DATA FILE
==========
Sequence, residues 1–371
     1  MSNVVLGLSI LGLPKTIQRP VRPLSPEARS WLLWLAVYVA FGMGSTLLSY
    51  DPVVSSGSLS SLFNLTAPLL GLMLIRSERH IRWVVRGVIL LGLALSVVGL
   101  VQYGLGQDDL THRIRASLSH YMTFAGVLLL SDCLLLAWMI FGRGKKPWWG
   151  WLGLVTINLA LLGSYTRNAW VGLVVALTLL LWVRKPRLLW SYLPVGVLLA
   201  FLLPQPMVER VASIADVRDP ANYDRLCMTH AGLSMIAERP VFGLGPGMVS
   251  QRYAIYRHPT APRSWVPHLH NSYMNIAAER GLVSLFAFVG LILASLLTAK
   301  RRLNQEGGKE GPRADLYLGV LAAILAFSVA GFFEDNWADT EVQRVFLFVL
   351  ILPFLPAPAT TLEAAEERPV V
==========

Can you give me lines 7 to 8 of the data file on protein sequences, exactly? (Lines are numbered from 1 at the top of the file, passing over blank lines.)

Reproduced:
   251  QRYAIYRHPT APRSWVPHLH NSYMNIAAER GLVSLFAFVG LILASLLTAK
   301  RRLNQEGGKE GPRADLYLGV LAAILAFSVA GFFEDNWADT EVQRVFLFVL